WHO WE ARE:

WE are:
FEMALE-led.
impact-FOCUSED.
DESIGN-DRIVEN.

MEET OUR FOUNDER:

HOLLY BUDGE

Holly Budge will inspire you to think big. She's an adventurer, Everest summiteer and the first woman to skydive Everest. For her impactful work in the non-profit arena, she's been voted 'Woman of the Year' for 2023/24 and has received praise from Sir David Attenborough. As an international speaker on conservation, sustainability and adventure, she was described as “down-to-earth and incredibly inspiring” by HRH Prince Edward. Holly has fundraised over £500,000 for environmental and social projects. She's a passionate advocate for female rangers globally.

OUR BEGINNING

WE MAKE DATA VISUAL

At How Many Elephants, we make complex data visual to educate and inspire a global audience about the devastating impacts of the African Elephant ivory trade. Check out our multi award-winning ‘96 Elephants A Day’ Necklace. This striking necklace displays 96 elephants to show the daily poaching rate in Africa. Made from vegetable ivory, a sustainable plant material from the Amazon Rainforest, which is almost identical in colour and texture to elephant ivory. A narrative has been weaved in, with one elephant hand cut in brass to represent one day and one elephant is facing the other way to represent hope.

OUR DIFFERENCE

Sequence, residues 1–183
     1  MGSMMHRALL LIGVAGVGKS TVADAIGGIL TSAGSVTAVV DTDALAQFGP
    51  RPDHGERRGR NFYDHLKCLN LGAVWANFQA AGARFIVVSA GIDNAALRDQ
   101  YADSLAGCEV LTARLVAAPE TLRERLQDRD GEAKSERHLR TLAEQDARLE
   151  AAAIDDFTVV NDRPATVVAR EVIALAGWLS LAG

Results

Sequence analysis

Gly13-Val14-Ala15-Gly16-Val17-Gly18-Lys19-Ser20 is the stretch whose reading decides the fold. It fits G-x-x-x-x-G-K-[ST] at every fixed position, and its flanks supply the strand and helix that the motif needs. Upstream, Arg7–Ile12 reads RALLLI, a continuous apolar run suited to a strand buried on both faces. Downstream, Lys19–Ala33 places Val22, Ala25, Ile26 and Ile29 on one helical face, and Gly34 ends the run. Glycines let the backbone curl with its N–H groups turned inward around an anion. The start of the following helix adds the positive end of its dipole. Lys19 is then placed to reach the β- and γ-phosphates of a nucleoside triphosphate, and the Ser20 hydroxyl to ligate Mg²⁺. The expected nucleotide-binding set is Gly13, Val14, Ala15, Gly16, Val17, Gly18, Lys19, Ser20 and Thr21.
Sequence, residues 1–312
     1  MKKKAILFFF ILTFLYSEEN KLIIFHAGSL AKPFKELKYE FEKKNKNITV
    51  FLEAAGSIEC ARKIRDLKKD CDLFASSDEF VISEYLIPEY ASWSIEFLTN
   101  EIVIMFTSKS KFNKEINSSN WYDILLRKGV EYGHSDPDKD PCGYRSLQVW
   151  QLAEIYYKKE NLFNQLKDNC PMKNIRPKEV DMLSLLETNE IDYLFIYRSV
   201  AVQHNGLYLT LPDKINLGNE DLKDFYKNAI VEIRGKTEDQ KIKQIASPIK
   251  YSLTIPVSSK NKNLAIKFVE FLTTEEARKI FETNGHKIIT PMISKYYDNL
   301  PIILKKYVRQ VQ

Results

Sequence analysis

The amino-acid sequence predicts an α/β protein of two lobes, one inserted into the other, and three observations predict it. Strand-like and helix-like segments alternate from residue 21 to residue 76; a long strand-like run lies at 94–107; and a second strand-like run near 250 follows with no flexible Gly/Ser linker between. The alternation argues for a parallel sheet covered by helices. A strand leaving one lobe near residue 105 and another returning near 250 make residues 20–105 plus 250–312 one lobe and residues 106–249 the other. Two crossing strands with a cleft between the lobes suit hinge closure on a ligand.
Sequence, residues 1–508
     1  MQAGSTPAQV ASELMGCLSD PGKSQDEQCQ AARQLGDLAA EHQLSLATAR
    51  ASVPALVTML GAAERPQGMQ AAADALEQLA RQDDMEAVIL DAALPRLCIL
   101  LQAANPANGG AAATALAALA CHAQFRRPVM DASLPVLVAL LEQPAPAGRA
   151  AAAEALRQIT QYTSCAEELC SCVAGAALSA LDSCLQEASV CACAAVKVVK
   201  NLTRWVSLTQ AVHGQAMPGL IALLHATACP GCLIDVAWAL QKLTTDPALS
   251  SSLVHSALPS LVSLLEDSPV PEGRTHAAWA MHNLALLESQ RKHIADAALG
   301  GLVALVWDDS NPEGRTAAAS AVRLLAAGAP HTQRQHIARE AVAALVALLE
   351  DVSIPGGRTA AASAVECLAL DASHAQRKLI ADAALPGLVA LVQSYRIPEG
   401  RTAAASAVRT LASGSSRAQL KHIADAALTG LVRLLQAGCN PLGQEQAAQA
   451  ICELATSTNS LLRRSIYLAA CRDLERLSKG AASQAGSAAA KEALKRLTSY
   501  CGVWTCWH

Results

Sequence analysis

WE ARE 100%
NON-GORY

Picture 35,000 elephants on a wall. This is the current annual poaching rate in Africa. Shocking, eh? Our hard hitting exhibition displays this data visually. Part of the originality of our design-led campaign is in our approach to avoid gruesome and shocking imagery to portray the facts. It’s not about scaring people, it’s about sharing the sheer scale of the poaching crisis. To actually see and connect with this data visually is highly impactful. Our exhibition has travelled round the world educating thousands of people about the impacts of the elephant ivory trade.

OUR FOCUS

WE SUPPORT FEMALE RANGERS

At How Many Elephants, we have seen first-hand the significant ripple effect of investing in women and that bringing gender equity into the ranger workforce is strengthening community conservation efforts and relationships, with women being natural communicators, educators and investing their earned income in their families. Rangers are the last line of defence in protecting wildlife and wild spaces. Day and night, they patrol vast wilderness areas, monitor wildlife, seize snares, work with communities and, in some cases, arrest poachers. The female ranger movement is gaining momentum across Africa and around the world, as women are proving so successful in using the power of conversation to ease local tension and strengthen connections between conservation and community.

GET INVOLVED:

MAKE A DONATION

We need to act now if we want future generations to see African elephants in the wild. 100% of your donation will help to train, equip and support rangers who risk their lives daily to protect precious ecosystems.

Credit: Amish Chhagan